Please see attached details (including keynote addresses) of the forthcoming workshop ‘Politics in a Time of Alterity’ which will be held here in the University of Manchester on the 11th and 12th of November. This workshop brings together collaborators to expose, explore and experiment with ideas of alterity in the construction of ‘politics’ (broadly understood) to rethink what both politics and alterity (otherness) can mean as well as to consider how alterity acts as a potential site of resistance.
Please email Aoileann.firstname.lastname@example.org or Andreja.email@example.com to register for this workshop and/or to attend the keynote talks.
This workshop devotes its attention to engaging with the impact of socio-political change on communities and on ideas of cultural difference as alterity; on how communities and individuals react as politically engaged creatures by protesting, rethinking, enacting and remembering otherness not just as an aberration or a triumphant moment of multiculturalism, but as part of everyday life and of identity more generally; and on the way in which alterity informs research approaches linked to ideas of becoming(s), multiplicity, acts, flows, intimacies, borders, irregularities, energies, the everyday, and aesthetics. We have contributions from across a range of disciplinary areas including international politics, law, linguistics, art, sociology, environmental studies, English literature and psychology.
Two keynotes will be given at this workshop: One by Stuart Tait (a collaborative artist) entitled ‘A fierce religion of itself’ and one by Wendy Hollway (psychology, open University) entitled ‘Alterity and com-passion in psycho-social research practice’. Details below: All welcome. Please share with those who you think would be interested.
A fierce religion of itself
This talk will be an enthusiastic consideration of revolutions past, future and theoretical. Enthusiastic in the sense that Félix Guattari contrasts the enthusiast with the figure of the academic: while the academic takes or leaves a text, the enthusiast takes and leaves it, ‘manipulating it as he sees fit’ making use of theory pragmatically, to make the text work. The dangers and failures of revolutions will be considered, such as mass killings, post-revolution reaction, or simply swapping one oppressive regime for another. This will then help with assembling a number of writers and practices to sketch out a diagram for a molecular revolutionary programme. Drawing upon Michail Bakunin’s essay, The Program of the International Brotherhood (1869/1971), which proposes a dispersed network of revolutionary ‘experts’ to seed the nascent revolution, I will develop Georges Bataille and Roger Caillois’ writing on secret societies to discuss social collectivities that perform a destabilizing function. My own art-practice-derived concept of molecular collaboration, as a form of multiple, collective, practice will be developed further, with particular reference to Victor Turner’s work on ritual processes and ritual magic. Finally, I will, starting with Marx’s notion of a liberatory trajectory of history that ends with Communism, and with reference to Guattari’s ‘schizoanalytic’ practice, develop a proposal for an improvised and diagrammatic revolutionary praxis.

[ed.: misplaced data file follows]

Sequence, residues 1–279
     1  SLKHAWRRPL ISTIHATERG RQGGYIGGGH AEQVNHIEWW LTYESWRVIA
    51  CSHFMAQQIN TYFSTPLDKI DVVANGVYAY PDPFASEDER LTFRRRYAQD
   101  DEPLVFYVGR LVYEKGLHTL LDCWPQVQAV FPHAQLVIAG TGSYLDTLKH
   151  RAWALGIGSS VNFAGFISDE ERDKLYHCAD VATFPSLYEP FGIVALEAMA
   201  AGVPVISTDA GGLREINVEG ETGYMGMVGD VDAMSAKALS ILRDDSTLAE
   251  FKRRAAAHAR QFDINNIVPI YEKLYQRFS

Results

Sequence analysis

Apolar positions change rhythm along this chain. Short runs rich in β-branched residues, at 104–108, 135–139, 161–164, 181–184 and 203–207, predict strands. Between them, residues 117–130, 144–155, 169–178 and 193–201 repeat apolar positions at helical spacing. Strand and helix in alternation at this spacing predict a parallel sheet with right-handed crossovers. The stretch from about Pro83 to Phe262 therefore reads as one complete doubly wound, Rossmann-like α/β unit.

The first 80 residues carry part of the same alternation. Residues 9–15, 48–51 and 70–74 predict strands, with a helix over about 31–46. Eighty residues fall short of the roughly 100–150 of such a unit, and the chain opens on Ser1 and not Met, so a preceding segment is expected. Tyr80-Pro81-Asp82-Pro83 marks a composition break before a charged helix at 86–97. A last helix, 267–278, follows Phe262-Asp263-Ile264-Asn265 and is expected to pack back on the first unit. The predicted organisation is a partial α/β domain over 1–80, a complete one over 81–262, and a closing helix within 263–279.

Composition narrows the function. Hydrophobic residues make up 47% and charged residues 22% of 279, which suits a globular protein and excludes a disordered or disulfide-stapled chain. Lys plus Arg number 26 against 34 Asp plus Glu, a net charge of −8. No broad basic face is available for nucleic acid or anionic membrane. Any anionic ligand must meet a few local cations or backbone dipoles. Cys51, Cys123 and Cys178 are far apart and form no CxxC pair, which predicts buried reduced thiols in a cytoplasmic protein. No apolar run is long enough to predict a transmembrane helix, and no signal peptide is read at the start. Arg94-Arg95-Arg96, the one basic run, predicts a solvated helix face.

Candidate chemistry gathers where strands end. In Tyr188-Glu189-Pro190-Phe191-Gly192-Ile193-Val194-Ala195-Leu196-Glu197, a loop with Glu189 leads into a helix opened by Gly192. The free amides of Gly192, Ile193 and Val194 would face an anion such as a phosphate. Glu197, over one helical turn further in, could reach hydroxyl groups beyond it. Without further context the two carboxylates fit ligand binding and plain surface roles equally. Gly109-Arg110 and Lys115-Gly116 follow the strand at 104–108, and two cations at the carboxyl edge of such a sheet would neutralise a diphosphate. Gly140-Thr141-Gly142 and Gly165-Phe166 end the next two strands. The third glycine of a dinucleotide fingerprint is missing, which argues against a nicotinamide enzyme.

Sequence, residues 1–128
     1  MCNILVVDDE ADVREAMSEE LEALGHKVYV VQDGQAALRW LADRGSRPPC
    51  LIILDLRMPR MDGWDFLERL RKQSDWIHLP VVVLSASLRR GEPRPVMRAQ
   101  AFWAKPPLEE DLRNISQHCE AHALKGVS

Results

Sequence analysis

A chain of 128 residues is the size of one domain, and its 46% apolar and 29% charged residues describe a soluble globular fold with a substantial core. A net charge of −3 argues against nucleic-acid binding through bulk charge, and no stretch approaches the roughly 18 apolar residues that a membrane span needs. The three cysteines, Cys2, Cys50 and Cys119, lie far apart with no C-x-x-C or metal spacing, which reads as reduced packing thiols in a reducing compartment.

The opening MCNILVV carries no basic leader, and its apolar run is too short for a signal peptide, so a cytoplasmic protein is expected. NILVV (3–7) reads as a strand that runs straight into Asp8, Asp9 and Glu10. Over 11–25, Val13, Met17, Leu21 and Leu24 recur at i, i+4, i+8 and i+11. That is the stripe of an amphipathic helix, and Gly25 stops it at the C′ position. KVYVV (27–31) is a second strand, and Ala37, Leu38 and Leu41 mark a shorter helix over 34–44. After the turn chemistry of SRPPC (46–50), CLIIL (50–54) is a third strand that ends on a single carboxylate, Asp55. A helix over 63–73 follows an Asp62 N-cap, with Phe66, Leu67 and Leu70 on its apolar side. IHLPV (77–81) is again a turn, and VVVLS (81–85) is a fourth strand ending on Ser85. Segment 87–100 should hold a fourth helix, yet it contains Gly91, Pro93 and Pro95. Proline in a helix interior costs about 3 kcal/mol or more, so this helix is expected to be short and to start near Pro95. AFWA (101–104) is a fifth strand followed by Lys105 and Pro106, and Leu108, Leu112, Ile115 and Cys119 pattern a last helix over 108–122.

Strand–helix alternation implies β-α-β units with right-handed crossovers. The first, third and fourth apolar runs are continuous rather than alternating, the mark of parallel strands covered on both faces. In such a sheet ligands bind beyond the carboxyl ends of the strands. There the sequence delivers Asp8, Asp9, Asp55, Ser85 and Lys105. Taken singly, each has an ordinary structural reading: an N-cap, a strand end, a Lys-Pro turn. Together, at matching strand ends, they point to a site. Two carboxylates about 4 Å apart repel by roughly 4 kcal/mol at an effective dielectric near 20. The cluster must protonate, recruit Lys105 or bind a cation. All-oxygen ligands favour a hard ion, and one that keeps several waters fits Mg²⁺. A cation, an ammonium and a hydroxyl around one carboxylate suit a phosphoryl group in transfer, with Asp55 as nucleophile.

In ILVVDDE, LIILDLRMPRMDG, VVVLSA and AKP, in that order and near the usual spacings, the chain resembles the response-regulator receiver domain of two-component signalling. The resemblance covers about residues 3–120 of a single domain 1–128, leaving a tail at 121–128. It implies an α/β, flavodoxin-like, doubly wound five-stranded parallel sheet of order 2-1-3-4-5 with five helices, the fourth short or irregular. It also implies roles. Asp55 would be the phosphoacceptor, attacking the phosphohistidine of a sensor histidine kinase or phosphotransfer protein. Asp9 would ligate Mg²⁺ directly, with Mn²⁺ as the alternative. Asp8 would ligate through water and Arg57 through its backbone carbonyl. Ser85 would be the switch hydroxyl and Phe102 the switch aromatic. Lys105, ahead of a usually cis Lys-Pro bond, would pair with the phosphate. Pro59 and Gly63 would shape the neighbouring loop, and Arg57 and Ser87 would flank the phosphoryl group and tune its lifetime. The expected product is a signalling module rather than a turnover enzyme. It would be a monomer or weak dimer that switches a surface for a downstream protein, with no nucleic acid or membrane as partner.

Alterity and com-passion in psycho-social research practice
As a researcher concerned with social and psychic change, I seek to develop research practices that go beyond cultural othering, in order to produce knowledge of transformative value. Psychoanalysis offers an alternative way of knowing, affect-based and trans-subjective, to that which dominates social and human sciences, based historically on positivism. Its epistemology has inspired my research practice from design, through the use of psychoanalytically informed interview and observation methods, to data analysis and forms of writing. I give examples of these practices, aiming for com-passion-based ethics in the context of cultural difference. Levinas’ ‘alterity’ parted from accounts of difference and ‘othering’ by insisting on the ethical principle of an individual’s absolute responsibility in the face of the suffering other. Ettinger, in direct conversation with Levinas, introduces originary com-passion. But the evidence of ‘othering’ surrounds us, in academic research as elsewhere. The identity of mothers is replete with the problems of denigration (and its counterpart, idealisation), of norms and othering based on differing cultural practices. First-time motherhood is also a massive upheaval for women who may have been well established in a working world based on norms of masculine autonomy. How did I encounter alterity and introduce com-passion (literally ‘feeling with’) in an empirical research project on maternal identity change, in East London within a sample selected for diversity?